Transition to a circular economy is a must if we are to protect our planet, but also if we are to increase the competitiveness of European industry. This is a long-term process that will require numerous initiatives at European, national and regional level. Companies see the circular economy as an opportunity. "Going green" is beneficial not only for the environment, but also for businesses, providing real savings in terms of raw materials, water and energy. Apart from its environmental and economic benefits, the circular economy also has social advantages, providing new jobs and new business models.
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The opportunities presented by the digital industrial revolution require a coordinated response from all stakeholders, a renewed focus on skills and the setting up of regional networks. The European Union urgently needs an “EU 4.0 industrial strategy” – and to complete the Digital Single Market – in order to address the current fragmentation resulting from 28 separate digital policies. This was one of the key points contained in the EESC’s opinion entitled “Industry 4.0 and digital transformation: where to go”, ...
The ongoing digital transformation will have a tremendous impact on industry, business and citizens alike. Therefore, the European Union should actively prepare for a new post-industrial era so that it can seize the opportunities it brings. The closer the cooperation between business, academia and governments, the bigger the benefits will be – concluded the speakers at the seminar "Driving Innovation and Industry in Europe", which took place on 16 June in Cambridge, UK. The participants of the round table discussion attempted to identify the main issues and obstacles that industry and academia face when trying to cooperate more closely.
Trends are always welcome in industry even though I maintain that we must constantly innovate to anticipate the trends. It takes a lot to establish a trend that might be important as regards getting good results for the manufacturing system.
Not since the late 1970s, when Europe adopted the so-called “Davignon rescue plan” for its steel, have we witnessed a more serious crisis in the European steel sector. This time it is caused by illegal foreign trade practices. Today, once again, European mills are idled. Plant continue to be shut down, the most recent case being in the UK. European workers are laid off. The EU has seen a 120% surge in Chinese imports since 2013, with 7 000 steelworkers having lost their jobs across Europe since autumn 2015.
The EU-China Round Table's 14th meeting was hosted by the EESC in Brussels on 18-19 May 2016. The Round Table was set up in 2007 following a Decision taken by the 9th EU-China Summit, which acknowledged that the exchanges and cooperation between the EESC and its Chinese counterpart, the China Economic and Social Council (CESC), formed an integral part of the EU-China relationship. Topics on the agenda included ...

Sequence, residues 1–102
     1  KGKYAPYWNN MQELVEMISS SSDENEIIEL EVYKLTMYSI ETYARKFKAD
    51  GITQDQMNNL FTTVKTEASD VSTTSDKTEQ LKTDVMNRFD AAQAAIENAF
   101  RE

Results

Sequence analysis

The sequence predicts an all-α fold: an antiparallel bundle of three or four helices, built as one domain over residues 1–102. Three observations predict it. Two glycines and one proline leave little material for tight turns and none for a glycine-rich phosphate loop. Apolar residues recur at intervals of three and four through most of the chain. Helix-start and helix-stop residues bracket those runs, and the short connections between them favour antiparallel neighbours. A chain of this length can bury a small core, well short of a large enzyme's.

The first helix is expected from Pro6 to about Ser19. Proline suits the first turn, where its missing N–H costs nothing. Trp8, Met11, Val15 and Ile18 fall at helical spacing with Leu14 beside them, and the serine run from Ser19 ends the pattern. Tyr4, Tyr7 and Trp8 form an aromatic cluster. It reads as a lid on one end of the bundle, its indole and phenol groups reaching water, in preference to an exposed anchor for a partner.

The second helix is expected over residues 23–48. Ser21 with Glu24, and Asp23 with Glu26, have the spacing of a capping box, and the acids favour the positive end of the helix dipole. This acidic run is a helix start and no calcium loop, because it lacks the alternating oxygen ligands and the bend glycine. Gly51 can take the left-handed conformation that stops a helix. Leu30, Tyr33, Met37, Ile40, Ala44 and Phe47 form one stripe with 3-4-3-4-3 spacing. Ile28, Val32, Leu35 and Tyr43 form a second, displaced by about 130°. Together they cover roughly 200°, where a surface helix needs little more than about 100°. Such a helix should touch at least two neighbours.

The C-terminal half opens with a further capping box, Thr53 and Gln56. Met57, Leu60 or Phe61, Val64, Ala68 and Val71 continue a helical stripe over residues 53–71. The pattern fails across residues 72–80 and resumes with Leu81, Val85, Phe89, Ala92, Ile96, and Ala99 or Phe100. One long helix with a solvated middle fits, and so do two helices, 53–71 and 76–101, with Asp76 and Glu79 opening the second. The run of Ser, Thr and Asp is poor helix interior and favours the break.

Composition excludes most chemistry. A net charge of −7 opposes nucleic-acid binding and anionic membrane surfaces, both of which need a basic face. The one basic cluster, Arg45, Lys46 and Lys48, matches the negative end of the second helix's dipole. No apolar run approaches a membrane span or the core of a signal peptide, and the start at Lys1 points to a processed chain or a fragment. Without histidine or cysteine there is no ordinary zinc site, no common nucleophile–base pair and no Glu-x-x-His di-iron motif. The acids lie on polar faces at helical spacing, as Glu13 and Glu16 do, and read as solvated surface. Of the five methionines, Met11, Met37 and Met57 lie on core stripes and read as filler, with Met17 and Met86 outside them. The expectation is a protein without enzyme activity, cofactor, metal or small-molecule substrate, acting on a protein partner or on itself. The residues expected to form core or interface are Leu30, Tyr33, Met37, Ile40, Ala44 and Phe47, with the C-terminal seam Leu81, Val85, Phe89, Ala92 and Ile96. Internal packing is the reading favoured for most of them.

Nothing can escape today's digital revolution. The "internet of things", 3D printing, artificial intelligence, big data, online platforms and the sharing economy are bringing new businesses into the digital arena and create new opportunities for innovative SMEs and start-ups. The digital revolution is bringing about changes in modes of production and patterns of consumption, how we understand the world, and even how we live together as a society.
The transport sector is vital to the EU’s efforts to reduce its carbon footprint and meet greenhouse gas emissions targets, which have been revised following the recent UN Climate Change Conference (COP 21). But transport is also fundamental for the EU's economy and people's welfare. The EESC is working to help Europe navigate towards a greener future.
On 14-15 January, four projects funded by the 7th Framework Programme for Research and Development held a conference in Brussels, co-hosted by the European Economic and Social Committee, to present their findings, conceptual developments, concrete messages and policy recommendations on Responsible Research and Innovation.
The economy for the common good in the spotlight at the European Parliament
At an event organised in the European Parliament on 10 December 2015, EESC member Carlos Trias Pintó discusses with European policymakers and key stakeholders how to further advance towards a "European Ethical Market" based on the principles set out in the "Economy for the Common Good".